Phantom experiment on relationship between activated position of cerebral cortex and NIR signal

T. Kadoya, Eiji Okada

Research output: Chapter in Book/Report/Conference proceedingConference contribution

6 Citations (Scopus)

Abstract

Near infrared topographic imaging is effective to obtain the functional image of brain-cortex. The image is reconstructed from the change in light intensity detected with multi-channel source-detector pairs. Since the volume of brain tissue sampled by each source-detector pair is affected the scattering of tissue, it is important to evaluate the effect of scattering on the spatial resolution of the reconstructed image. In this study, the absorption change of various sizes at various positions in the adult head phantom is reconstructed by multi-channel measurements to evaluate the spatial resolution of topographic imaging. Since the heterogeneity of tissue, especially presence of low scattering CSF layer, affects the light propagation in the adult brain, the phantom consists of three layers. The diameter of the absorber is varied from 10 to 20 mm. The position of reconstructed absorber in the topographic image agrees well with that of the absorber in the brain layer of the phantom. The size of reconstructed absorber in the images is considerably broader than that of the absorber.

Original languageEnglish
Title of host publicationProceedings of SPIE - The International Society for Optical Engineering
EditorsB. Chance, R.R. Alfano, B.J. Tromberg, M. Tamura, E.M. Sevick-Muraka
Pages558-565
Number of pages8
Volume4250
DOIs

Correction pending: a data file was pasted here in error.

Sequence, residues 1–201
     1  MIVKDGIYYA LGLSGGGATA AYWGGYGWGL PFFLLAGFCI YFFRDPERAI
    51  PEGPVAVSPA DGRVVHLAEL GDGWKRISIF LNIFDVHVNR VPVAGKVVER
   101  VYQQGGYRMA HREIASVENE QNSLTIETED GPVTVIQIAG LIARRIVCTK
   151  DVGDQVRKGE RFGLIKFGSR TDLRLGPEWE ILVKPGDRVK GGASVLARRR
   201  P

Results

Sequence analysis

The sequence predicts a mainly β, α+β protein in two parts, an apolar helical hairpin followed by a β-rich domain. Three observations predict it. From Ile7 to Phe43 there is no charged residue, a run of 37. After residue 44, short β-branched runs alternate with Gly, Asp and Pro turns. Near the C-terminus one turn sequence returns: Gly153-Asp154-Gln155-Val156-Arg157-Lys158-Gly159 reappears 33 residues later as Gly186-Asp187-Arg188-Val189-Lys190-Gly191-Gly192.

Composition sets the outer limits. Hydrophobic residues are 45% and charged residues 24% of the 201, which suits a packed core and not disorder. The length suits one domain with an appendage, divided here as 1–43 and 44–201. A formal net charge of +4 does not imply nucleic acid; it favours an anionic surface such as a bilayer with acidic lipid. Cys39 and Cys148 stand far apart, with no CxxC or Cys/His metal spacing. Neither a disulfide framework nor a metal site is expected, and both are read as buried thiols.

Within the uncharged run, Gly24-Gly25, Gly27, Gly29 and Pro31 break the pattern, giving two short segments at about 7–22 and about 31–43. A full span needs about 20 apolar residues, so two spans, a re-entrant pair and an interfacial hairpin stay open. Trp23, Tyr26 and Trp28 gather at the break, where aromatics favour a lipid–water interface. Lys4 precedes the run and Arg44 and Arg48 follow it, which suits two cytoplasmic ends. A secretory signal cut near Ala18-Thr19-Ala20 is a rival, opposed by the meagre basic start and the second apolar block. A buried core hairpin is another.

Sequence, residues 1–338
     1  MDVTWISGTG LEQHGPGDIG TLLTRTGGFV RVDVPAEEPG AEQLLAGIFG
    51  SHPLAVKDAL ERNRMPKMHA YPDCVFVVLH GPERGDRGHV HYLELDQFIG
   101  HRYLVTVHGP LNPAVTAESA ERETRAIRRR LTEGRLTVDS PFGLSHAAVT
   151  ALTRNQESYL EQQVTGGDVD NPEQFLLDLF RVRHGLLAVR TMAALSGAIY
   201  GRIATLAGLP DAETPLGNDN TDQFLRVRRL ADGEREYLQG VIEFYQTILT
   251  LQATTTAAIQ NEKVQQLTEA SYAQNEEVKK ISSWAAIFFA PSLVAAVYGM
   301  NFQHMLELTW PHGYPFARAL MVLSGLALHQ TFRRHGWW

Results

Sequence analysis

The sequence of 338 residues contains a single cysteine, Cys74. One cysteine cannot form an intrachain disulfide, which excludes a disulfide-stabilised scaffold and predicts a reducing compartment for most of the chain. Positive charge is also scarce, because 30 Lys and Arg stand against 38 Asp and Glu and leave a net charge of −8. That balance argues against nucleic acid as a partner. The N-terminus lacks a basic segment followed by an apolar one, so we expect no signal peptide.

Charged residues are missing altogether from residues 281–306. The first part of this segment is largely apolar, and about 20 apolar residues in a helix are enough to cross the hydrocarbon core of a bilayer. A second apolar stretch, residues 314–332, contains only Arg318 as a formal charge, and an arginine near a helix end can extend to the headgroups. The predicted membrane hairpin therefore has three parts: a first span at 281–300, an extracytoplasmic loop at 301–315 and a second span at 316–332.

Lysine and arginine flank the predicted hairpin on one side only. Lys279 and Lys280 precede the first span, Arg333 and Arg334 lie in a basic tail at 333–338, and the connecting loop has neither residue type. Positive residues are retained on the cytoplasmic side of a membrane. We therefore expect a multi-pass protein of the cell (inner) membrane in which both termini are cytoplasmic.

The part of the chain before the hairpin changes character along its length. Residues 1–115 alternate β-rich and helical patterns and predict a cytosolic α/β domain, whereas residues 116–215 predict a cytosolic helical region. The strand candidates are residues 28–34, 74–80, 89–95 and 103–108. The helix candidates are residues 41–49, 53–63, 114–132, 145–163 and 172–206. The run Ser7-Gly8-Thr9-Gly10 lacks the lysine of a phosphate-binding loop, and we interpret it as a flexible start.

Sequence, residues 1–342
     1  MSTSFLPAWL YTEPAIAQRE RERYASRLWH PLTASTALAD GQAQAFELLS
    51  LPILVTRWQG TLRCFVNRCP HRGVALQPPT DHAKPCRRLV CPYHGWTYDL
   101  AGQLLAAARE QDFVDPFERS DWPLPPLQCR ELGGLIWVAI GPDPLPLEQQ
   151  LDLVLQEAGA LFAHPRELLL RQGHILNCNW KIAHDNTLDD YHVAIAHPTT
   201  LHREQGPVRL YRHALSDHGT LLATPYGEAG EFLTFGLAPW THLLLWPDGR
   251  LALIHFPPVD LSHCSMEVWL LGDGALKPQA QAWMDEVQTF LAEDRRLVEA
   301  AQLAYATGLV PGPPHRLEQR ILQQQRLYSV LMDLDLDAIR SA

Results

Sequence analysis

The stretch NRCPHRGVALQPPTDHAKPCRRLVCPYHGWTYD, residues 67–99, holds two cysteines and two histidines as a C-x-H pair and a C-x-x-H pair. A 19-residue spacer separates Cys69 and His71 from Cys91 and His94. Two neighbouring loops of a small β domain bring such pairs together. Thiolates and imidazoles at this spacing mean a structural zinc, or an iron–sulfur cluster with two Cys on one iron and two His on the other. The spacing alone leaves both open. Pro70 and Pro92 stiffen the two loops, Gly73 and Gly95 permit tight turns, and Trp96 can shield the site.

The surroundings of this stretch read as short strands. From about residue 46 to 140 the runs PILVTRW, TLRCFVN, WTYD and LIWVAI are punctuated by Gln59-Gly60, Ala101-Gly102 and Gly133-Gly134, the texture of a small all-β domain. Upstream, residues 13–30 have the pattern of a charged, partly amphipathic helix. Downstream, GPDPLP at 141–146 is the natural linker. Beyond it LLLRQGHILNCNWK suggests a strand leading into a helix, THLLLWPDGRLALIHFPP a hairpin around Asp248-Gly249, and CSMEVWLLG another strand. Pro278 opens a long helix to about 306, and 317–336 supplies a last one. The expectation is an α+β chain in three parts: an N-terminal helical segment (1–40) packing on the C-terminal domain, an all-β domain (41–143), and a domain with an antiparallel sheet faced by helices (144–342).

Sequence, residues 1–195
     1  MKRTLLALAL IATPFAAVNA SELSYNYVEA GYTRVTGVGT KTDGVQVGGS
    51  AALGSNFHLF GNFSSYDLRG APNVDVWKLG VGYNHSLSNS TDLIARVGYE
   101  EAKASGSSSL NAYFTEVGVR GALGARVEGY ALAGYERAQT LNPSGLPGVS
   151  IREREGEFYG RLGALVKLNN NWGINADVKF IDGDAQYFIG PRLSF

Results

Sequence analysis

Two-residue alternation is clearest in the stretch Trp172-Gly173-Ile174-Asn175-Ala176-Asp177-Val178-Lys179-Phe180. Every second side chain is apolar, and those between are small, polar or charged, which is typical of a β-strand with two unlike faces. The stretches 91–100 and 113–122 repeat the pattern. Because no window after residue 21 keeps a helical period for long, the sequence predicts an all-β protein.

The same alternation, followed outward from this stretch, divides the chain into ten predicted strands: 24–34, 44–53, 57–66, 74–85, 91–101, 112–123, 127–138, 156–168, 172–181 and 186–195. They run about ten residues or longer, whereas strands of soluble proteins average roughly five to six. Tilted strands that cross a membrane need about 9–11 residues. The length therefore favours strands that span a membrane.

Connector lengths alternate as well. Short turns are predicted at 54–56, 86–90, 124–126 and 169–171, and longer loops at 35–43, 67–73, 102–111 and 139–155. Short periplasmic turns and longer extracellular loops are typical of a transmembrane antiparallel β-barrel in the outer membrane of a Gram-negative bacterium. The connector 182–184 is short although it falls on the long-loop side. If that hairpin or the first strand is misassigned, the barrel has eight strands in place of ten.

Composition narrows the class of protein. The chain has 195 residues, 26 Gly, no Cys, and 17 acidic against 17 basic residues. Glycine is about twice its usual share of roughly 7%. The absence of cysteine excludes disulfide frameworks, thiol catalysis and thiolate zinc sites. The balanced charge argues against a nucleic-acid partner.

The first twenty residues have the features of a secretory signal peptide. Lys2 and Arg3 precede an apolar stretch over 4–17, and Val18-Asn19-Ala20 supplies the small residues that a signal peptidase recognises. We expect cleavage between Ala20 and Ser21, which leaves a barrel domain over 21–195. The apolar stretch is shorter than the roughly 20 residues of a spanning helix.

Publication statusPublished - 2001
EventOptical Tomography and Spectroscopy of Tissue IV - San Jose, CA, United States
Duration: 2001 Jan 212001 Jan 23

Other

OtherOptical Tomography and Spectroscopy of Tissue IV
CountryUnited States
CitySan Jose, CA
Period01/1/2101/1/23

Fingerprint

cerebral cortex
Brain
absorbers
brain
Scattering
Tissue
Experiments
Detectors
spatial resolution
Light propagation
scattering
Infrared imaging
cortexes
detectors
Light sources
luminous intensity
Imaging techniques
propagation

Keywords

  • Head phantom
  • Spatial resolution
  • Topographic imaging

ASJC Scopus subject areas

  • Electrical and Electronic Engineering
  • Condensed Matter Physics

Cite this

Kadoya, T., & Okada, E. (2001). Phantom experiment on relationship between activated position of cerebral cortex and NIR signal. In B. Chance, R. R. Alfano, B. J. Tromberg, M. Tamura, & E. M. Sevick-Muraka (Eds.), Proceedings of SPIE - The International Society for Optical Engineering (Vol. 4250, pp. 558-565) https://doi.org/10.1117/12.434531

Phantom experiment on relationship between activated position of cerebral cortex and NIR signal. / Kadoya, T.; Okada, Eiji.

Proceedings of SPIE - The International Society for Optical Engineering. ed. / B. Chance; R.R. Alfano; B.J. Tromberg; M. Tamura; E.M. Sevick-Muraka. Vol. 4250 2001. p. 558-565.

Research output: Chapter in Book/Report/Conference proceedingConference contribution

Kadoya, T & Okada, E 2001, Phantom experiment on relationship between activated position of cerebral cortex and NIR signal. in B Chance, RR Alfano, BJ Tromberg, M Tamura & EM Sevick-Muraka (eds), Proceedings of SPIE - The International Society for Optical Engineering. vol. 4250, pp. 558-565, Optical Tomography and Spectroscopy of Tissue IV, San Jose, CA, United States, 01/1/21. https://doi.org/10.1117/12.434531
Kadoya T, Okada E. Phantom experiment on relationship between activated position of cerebral cortex and NIR signal. In Chance B, Alfano RR, Tromberg BJ, Tamura M, Sevick-Muraka EM, editors, Proceedings of SPIE - The International Society for Optical Engineering. Vol. 4250. 2001. p. 558-565 https://doi.org/10.1117/12.434531
Kadoya, T. ; Okada, Eiji. / Phantom experiment on relationship between activated position of cerebral cortex and NIR signal. Proceedings of SPIE - The International Society for Optical Engineering. editor / B. Chance ; R.R. Alfano ; B.J. Tromberg ; M. Tamura ; E.M. Sevick-Muraka. Vol. 4250 2001. pp. 558-565
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